Wednesday, July 13, 2011

Deer stalking, Crag Abbey and the heir

A red deer stag

Deer Stalking: The Duke, Cyndi’s grandfather, invited us all to one of his hunting lodges in the Scottish highlands for a few days of deer stalking, what we call hunting in the U.S. Deer stalking is primarily a male sport, but I think he offered because he knew from an earlier conversation that I want to see his hunting lodge and he would have me where I couldn’t easily escape his amorous attention. I know that sounds conceited of me to say that, but he told me as much when he said it was extremely isolated and was I sure I wouldn’t mind being with him for that length of time. I asked him straight out what about his mistress, Penelope, and he said she would have to make do with my escort, Colin, for the time we were all at Crag Abbey, the 13th century ruin parts of which he converted to a hunting lodge. Cyndi said Red deer stags come in season on July 1st in Scotland, but a detail like didn’t stop the Duke from stalking on his own land. She said he routinely takes high profile guests hunting regardless of the season if there are quality animals to shoot. So, for the past several weeks Anya, Cyndi and I and our men have been enjoying more of the hospitality of the Duke. He was looking forward to some company in the field, especially of men with military backgrounds who understand that silence is a hunter’s friend and don’t need to carry on conversations while stalking. He also wants companions who are good shots as it’s a terrible bother to send a guide out to track and kill a wounded buck that got away because of a poorly placed shot.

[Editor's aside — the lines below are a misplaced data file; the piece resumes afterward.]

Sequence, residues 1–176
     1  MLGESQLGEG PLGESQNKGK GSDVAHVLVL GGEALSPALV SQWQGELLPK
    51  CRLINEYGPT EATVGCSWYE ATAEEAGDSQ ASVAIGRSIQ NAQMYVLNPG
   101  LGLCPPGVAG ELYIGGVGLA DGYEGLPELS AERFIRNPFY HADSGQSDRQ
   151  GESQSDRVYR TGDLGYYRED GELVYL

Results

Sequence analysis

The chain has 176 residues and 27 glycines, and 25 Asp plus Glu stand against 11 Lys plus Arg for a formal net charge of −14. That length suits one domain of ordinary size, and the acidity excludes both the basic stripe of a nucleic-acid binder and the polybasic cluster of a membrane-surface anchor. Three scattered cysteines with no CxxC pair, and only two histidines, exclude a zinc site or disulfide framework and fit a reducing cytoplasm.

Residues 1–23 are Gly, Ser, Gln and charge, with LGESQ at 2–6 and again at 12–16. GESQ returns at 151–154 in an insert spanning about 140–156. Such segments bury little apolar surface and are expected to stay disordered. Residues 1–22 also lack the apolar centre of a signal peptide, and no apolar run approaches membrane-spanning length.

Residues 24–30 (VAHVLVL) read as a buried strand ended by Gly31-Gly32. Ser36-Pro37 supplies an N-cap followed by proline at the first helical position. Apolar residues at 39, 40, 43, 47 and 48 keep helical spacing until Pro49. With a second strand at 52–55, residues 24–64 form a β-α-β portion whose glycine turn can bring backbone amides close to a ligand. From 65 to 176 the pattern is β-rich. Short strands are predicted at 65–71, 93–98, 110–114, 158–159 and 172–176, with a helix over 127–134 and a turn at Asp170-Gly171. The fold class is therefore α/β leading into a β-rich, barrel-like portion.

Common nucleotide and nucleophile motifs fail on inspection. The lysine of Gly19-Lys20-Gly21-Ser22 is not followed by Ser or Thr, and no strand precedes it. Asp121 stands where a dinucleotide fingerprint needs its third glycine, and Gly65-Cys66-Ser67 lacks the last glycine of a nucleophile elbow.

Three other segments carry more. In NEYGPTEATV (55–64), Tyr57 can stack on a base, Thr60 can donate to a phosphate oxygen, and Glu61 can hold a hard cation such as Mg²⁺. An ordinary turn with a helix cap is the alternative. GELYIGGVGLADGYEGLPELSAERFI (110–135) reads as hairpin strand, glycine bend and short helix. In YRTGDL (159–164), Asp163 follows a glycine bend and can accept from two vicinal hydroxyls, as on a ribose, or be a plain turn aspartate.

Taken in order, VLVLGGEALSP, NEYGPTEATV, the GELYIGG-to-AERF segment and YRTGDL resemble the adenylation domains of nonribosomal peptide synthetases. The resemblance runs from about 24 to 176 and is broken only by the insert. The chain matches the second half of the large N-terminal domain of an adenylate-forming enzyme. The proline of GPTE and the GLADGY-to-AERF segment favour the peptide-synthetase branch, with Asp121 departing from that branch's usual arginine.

The heir: His Grace’s son, John, Marquis of M …, who at 37 is taking an advanced degree in archeology at Oxford after years as an officer in the Royal Marines, joined us at Crag Abbey for deer stalking. His arrival was a surprise to all but his father and he is gorgeous! He has a beautiful hard body, is quite strong, has a great sense of humor, is an expert shot and is amazing in bed. Not necessarily in that order. After my last three hour session with his Grace (which, as this is written, was more than a week ago) he had to take a nitro tablet under his tongue and finally realized he has to reduce his bedroom athletics a bit, at least with me. And quite rightly I think since I clearly remember the Duchesses caution to me about not killing him during sex. That has left Penelope, his mistress, still with Colin, who is nominally my escort for our stay at the Abbey. So I became the intimate partner of Lord John who hadn’t brought a girlfriend with him. At lunch on the day Himself fell ill, John asked if I would like to have a tour of the Abbey and while the Duke had shown me around briefly I was anxious to be in the company of the handsome budding archeologist who offered to “slake my fascination with the chapel and other subjects of mutual interest”. In a later entry I will write more about my tour of the Abbey with John and especially the early Roman temple(s) over which the chapel was built.